How do they get so much flavour into their meat dishes? What’s the secret recipe for the best pastries ever? We figured the best person to provide us with knowledge and answers regarding Serbian cuisine was a local food lover. Eager to have a hands-on food experience during our visit to Serbia, we did our research and found the best cooking class in Belgrade.

cooking class in belgrade

Before our cooking class in Belgrade, let’s visit the markets

We met Vlad, our food-loving host in Zemun, a very cute, bohemian part of Belgrade. Within minutes of jumping off the local bus, we adored this colourful little town with cobble-stoned streets, small street-side cafes and locals going about their day. There wasn’t a tourist in sight – this was perfect.

The markets & bakery visit

Vlad walked us through the local food markets to buy some fresh ingredients for the day. The produce was so vibrant and fresh. Vendors stood proudly behind their stalls, carefully polishing tomatoes and apples to entice more buyers.

After carefully choosing the foods we needed for our cooking class in Belgrade, we moved on towards a small bakery close by the markets.

borek pastries cooking class in belgrade

Borek pastries are amazing!

Vlad chose two kinds of borek (pastries) for us to try. We shared one filled with cheese, the other full of spiced minced meat. Borek is the most typical Serbian snack, available at any time of the day.

Locals commonly eat it with a side of drinking yoghurt, so this is how we enjoyed it too. I’ve eaten many of these pastries in a few European countries, however, I must admit that these were definitely up there with the best!

We continued towards Vlad’s home where our Serbian cooking class in Belgrade was to take place. We were welcomed into the green garden area at the rear of the house where we sat down in a comfortable shaded area. I noticed a fresh fig tree, herbs and a grapevine filled the yard.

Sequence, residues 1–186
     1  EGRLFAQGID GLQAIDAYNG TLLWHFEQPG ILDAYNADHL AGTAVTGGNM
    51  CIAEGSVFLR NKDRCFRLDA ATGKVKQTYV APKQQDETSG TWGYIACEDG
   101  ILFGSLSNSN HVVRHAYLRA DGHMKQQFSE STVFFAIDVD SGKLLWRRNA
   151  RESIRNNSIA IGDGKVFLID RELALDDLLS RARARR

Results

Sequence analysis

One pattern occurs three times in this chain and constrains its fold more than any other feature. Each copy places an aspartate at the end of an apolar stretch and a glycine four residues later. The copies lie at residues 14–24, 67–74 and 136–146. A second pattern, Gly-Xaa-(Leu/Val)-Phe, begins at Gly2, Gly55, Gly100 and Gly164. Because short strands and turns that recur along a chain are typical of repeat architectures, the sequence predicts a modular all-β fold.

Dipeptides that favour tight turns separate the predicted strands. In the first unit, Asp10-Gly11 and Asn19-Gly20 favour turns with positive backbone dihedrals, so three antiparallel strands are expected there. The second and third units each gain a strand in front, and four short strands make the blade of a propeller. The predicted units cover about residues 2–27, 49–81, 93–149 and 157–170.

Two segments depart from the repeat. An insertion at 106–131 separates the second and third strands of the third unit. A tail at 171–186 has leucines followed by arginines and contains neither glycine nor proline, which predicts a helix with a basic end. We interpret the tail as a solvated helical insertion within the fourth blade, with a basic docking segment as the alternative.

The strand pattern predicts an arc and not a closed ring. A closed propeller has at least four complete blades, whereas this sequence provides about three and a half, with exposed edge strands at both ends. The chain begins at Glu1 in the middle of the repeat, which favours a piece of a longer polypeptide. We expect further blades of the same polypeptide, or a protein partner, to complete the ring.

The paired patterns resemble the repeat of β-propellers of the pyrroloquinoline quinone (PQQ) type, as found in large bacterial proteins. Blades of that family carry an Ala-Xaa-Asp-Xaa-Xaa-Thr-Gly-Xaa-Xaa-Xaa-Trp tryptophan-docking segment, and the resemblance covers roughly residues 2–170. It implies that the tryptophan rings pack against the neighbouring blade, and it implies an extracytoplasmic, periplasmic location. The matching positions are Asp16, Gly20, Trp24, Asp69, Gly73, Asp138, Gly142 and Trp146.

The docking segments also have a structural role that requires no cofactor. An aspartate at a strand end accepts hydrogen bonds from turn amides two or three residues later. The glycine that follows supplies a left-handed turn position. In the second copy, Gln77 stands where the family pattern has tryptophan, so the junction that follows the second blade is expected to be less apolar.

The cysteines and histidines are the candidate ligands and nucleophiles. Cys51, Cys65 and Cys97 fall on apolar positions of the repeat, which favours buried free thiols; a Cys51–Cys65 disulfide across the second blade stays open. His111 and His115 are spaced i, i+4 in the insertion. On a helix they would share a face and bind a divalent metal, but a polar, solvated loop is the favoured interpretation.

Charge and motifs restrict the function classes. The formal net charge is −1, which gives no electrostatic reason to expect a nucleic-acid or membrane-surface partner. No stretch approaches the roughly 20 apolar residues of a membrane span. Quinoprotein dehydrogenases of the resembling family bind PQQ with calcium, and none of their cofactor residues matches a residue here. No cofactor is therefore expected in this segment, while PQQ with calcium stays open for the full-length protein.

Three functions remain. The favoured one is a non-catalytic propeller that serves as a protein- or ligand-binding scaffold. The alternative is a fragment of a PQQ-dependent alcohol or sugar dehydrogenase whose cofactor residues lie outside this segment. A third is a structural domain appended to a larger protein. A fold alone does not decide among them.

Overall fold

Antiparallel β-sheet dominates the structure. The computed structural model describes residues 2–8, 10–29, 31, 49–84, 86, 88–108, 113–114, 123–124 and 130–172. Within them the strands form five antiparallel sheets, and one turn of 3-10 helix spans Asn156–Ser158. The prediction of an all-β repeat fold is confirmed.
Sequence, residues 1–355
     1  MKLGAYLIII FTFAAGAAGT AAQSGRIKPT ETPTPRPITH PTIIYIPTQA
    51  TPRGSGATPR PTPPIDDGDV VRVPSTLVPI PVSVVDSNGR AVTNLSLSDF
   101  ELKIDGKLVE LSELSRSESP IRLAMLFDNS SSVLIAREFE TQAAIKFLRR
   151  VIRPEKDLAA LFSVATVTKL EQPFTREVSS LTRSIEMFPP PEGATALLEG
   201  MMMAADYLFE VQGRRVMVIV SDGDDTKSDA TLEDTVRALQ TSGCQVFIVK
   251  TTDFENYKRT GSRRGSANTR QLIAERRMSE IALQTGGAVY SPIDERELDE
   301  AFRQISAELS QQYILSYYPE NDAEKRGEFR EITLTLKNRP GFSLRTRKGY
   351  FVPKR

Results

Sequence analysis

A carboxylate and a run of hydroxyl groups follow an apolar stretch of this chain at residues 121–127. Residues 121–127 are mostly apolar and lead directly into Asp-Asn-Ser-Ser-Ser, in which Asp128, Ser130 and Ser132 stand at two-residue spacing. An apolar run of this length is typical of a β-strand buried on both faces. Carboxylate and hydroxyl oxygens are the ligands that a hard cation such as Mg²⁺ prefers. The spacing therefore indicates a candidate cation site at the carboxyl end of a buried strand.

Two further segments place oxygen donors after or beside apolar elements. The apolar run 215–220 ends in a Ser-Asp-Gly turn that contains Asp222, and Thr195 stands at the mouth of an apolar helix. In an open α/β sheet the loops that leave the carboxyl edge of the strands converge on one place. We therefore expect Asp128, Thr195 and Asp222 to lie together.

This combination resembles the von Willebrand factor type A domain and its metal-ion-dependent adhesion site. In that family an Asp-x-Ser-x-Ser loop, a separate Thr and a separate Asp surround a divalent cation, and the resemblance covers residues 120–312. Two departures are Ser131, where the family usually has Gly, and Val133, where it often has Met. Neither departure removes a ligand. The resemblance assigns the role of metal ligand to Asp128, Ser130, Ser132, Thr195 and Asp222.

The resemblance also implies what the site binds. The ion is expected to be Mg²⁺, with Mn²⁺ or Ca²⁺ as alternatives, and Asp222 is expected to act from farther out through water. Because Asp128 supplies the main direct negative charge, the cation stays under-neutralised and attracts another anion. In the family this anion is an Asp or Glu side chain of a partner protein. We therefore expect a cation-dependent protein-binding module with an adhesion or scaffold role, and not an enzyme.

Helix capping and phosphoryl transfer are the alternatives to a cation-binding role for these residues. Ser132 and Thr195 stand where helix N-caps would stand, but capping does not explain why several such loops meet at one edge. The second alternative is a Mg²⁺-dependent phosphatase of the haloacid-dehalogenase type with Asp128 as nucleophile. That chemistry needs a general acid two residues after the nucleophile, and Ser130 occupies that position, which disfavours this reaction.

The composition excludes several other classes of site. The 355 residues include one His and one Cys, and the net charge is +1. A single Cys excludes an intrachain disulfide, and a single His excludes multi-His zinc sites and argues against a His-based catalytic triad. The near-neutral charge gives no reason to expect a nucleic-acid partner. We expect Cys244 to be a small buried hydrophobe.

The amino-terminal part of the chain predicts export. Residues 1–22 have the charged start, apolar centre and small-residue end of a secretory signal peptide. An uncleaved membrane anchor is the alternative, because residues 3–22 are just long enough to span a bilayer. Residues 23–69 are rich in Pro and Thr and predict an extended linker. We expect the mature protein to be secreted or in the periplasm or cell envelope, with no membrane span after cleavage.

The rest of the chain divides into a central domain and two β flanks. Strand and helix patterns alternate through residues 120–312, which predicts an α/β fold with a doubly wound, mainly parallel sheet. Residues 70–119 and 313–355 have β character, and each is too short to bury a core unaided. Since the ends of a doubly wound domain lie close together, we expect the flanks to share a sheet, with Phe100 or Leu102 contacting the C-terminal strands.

Vlad offered us tea or coffee, and of course, we chose coffee. Serbians make great coffee, short and strong.

After chatting with Vlad over coffee, we moved into the kitchen where everything had been set up for us to start preparing food and cooking!

Vlad explained we’d be cooking some classic Serbian dishes today, including shopska salad, Karađorđe’s schnitzel, cevapcici and plum dumpling for sweets. This sounded delicious!

Let’s start!

We started preparing the salad, we’d dress it later on when our main meal was ready. We sliced some onions, sprinkled them with salt and massaged this into the onions. On top of the onions, we filled the bowl with big cubed pieces of cucumber and tomato. This went into the fridge for later.

Next, we peeled a couple of large brushed potatoes, cut them up and put them on the stove to boil as these were to be used in the dough for our sweets later on.

cooking class in belgrade

Marty and I are ready to cook!!

cooking class in belgrade serbian schnitzel

Preparing the schnitzel. Kajmak cheese stuffed inside – ready to roll.

In the markets earlier, Vlad had asked the butcher to slice us three thin cuts of pork fillet. We each took a piece and bashed it out with a mallet, then spread the meat with kajmak cheese (an ingredient used in many Serbian dishes).